N.W. v. Poe, No. 13-07 (E.D. Ky. Nov. 4, 2013)
Abstract: A federal district court in Kentucky has ruled that a school district that provided a disabled student with a free appropriate public education under the Individuals with Disabilities Education Act was nonetheless responsible for reimbursing the parents for tuition at the private school where the parents had unilaterally placed the student. The court found that the private school was the proper “stay put” placement under IDEA, and that the district was therefore liable for tuition reimbursement.
Facts/Issues: At the time N.W. was three, he was enrolled in the Boone County Schools (BCS) in Kentucky. BCS determined that N.W. was eligible for special education services under the IDEA, and placed him at St. Rita School for the Deaf in Ohio. In June 2010, when N.W. was 6, his parents unilaterally enrolled him in Applied Behavioral Sciences (ABS) school, also in Ohio. BCS convened an Admissions and Release Committee (ARC) meeting on October 21, 2010 to discuss N.W.’s placement options. Although the parents planned to transition N.W. back to public school, they believed ABS was the best placement at the time.
The parties agreed to a mediated settlement involving tuition, transportation, and attorneys fees’ reimbursement and N.W.’s transition back to the district. The parties agreed to hold an ARC meeting on or before April 15, 2011 to discuss N.W.’s transition back to public school and that a board certified behavioral analyst would lead the transition team.
The spring ARC meeting did not take place until June 1, 2011. As well, BCS’s board certified behavioral analyst did not attend that ARC meeting. Even though BCS expressed its readiness to proceed with the transition plan, the parties to agreed to reconvene at a later date to allow the behavioral analyst to attend. A follow-up ARC meeting was held in July, where the behavioral analyst presented a transition plan under which N.W.’s placement would be the New Haven Elementary School, a BCS school. N.W.’s parents raised concerns about the plan, but they did not object to it. The parties agreed to meet on August 25, 2011 to discuss dates on which to begin N.W.’s transition back to public school.
At the August 25, 2011 ARC meeting, BCS’ behavioral analyst presented a detailed transition plan. The parents, however, claimed that the plan was not specific enough and ended the meeting. BCS sent letters to the parents and their counsel requesting further ARC meetings. At the end of October the parents requested a due process hearing. The hearing was delayed until March 2012 while the parties engaged in settlement negotiations.
The hearing officer (HO) ruled that BCS had not denied N.W a FAPE and that the ARC team membership complied with the IDEA even though the behavioral analyst was not present at the initial meeting on June 1. Specifically, the HO found that the behavioral analyst was not a statutorily required member and, even if she was, the parents had failed to prove her absence at one ARC meeting caused any actual harm. The HO also found that BCS’s transition plan did not deny N.W. a FAPE because the failure to provide such a plan is a procedural error and N.W. provided no evidence that BCS’s plan resulted in a denial of educational benefits. The HO ordered the parties to continue working on a transition plan similar to that proposed by BCS at the August 25, 2011 ARC meeting.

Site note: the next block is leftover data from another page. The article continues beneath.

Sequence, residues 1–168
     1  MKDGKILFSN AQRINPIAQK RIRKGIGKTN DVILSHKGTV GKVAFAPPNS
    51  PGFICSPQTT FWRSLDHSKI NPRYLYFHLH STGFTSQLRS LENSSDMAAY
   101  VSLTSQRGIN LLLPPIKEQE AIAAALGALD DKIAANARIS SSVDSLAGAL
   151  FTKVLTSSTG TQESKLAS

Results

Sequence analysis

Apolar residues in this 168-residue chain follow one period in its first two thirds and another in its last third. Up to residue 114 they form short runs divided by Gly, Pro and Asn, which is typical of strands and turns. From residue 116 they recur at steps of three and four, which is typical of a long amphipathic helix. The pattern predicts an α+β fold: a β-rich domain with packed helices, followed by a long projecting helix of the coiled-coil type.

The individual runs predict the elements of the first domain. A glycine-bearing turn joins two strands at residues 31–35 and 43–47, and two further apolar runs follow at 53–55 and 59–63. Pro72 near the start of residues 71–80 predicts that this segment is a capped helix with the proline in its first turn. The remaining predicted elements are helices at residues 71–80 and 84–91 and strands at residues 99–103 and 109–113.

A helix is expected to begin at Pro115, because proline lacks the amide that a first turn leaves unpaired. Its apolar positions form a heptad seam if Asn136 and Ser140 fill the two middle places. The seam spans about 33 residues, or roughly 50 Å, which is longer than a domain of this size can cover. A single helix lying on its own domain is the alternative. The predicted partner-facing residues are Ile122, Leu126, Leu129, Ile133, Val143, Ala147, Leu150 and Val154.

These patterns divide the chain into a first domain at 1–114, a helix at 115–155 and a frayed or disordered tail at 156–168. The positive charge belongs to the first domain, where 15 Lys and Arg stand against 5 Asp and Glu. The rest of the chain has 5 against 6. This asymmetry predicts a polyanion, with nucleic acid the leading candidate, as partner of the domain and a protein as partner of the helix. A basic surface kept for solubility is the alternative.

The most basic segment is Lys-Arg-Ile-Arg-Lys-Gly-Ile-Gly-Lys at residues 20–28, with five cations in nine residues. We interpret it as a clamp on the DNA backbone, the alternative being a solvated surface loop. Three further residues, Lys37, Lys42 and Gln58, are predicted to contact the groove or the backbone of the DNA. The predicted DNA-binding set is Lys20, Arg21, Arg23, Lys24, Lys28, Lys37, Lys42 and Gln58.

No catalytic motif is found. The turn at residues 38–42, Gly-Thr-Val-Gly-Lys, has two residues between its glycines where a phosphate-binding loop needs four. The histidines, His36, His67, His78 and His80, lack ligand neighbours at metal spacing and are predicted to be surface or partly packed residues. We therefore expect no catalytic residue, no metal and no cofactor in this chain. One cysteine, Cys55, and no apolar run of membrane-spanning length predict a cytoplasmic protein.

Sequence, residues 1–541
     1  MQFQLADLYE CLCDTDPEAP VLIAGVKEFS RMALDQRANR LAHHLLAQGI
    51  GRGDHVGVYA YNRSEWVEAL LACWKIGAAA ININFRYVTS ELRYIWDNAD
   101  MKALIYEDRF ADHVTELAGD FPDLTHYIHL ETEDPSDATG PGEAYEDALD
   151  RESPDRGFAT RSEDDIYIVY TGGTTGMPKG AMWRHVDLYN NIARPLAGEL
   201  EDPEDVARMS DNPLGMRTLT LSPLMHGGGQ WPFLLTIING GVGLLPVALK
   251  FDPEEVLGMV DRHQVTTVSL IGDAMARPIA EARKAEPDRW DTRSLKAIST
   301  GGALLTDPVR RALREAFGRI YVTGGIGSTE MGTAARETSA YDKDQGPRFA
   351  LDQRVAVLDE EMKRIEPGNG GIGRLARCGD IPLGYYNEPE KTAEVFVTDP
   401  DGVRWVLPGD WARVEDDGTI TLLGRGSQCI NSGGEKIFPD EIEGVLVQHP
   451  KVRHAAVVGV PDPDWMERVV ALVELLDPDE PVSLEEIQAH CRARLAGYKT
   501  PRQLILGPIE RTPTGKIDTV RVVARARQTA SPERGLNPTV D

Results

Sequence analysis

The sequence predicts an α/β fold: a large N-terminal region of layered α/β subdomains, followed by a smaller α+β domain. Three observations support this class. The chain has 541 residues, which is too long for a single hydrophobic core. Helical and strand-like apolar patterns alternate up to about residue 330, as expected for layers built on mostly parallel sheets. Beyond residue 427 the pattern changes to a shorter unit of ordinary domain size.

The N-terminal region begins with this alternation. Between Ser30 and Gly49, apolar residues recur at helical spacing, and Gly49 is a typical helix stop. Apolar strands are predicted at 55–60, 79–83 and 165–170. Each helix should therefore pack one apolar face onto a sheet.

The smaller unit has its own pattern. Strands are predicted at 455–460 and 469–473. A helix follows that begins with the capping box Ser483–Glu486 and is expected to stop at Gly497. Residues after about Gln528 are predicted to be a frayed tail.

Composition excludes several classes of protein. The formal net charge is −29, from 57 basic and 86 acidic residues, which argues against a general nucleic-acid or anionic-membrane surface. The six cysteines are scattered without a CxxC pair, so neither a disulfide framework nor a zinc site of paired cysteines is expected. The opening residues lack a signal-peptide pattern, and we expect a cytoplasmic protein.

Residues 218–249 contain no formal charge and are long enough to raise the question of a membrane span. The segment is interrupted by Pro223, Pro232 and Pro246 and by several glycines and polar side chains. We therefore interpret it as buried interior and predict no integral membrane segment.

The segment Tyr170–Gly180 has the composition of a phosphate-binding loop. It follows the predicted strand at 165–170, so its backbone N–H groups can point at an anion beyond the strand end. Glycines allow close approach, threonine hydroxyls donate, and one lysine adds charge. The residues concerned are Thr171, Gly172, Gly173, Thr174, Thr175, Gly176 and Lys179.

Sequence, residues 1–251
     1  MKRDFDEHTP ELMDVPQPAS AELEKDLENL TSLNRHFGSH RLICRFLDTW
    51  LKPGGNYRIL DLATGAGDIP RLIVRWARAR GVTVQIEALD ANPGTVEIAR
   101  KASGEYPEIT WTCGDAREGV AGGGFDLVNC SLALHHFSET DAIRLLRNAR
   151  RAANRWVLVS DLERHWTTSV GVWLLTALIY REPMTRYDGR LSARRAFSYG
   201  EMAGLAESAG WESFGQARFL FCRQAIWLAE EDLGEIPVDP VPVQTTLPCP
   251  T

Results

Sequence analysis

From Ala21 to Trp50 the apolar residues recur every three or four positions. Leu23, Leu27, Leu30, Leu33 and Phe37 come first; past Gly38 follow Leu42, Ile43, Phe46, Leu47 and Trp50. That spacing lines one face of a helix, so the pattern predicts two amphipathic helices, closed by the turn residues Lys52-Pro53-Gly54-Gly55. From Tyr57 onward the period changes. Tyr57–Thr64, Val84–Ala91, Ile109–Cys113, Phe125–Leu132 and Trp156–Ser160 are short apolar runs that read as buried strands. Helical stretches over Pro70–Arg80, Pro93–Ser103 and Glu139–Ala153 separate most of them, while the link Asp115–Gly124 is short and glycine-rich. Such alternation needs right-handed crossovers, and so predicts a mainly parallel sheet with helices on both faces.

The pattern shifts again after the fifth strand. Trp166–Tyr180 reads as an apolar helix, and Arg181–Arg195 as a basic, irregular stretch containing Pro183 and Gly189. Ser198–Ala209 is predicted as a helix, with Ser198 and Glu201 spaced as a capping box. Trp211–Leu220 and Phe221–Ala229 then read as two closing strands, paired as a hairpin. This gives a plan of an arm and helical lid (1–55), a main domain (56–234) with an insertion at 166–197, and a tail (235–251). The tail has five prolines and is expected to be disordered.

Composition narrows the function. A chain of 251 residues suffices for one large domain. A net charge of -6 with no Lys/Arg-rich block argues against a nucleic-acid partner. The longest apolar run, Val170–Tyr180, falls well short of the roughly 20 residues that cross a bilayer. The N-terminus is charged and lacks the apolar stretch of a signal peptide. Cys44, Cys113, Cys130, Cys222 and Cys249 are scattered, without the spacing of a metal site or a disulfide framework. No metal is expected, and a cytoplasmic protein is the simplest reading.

However, the HO concluded that ABS was the “stay-put” placement under IDEA and, as a result, ordered BCS to reimburse the parents for transportation and tuition through end of the 2012 summer session at ABS.
Both parties appealed the decision to the Exceptional Children’s Appeal Board (ECAB). The ECAB affirmed the HO’s conclusion that BCS had offered N.W. a FAPE. More specifically, the ECAB held that New Haven was an appropriate placement for N.W. , BCS’ transition plan was adequate in all aspects, and BCS’s ARC team was composed of the required individuals. Additionally, the ECAB reversed the HO’s “stay-put” order, and held that N.W. was not entitled to compensatory education, tuition reimbursement, transportation costs, or attorney’s fees. The ECAB ruled that ABS was not the “stay put” placement because the district had never consented to that placement.
N.W.’s parents then filed an appeal in federal district court.
Ruling/Rationale: The district court granted in part and denied in part BCS’s motion for summary judgment on the administrative record. The court upheld the ECAB’s rulings as to the district’s offering of FAPE, the proposed transition plan, the ARC membership, the placement decision, and the continuum of placement options. However, it reversed the ECAB’s ruling on “stay-put” and reinstated the HO’s decision that the parents were entitled to reimbursement.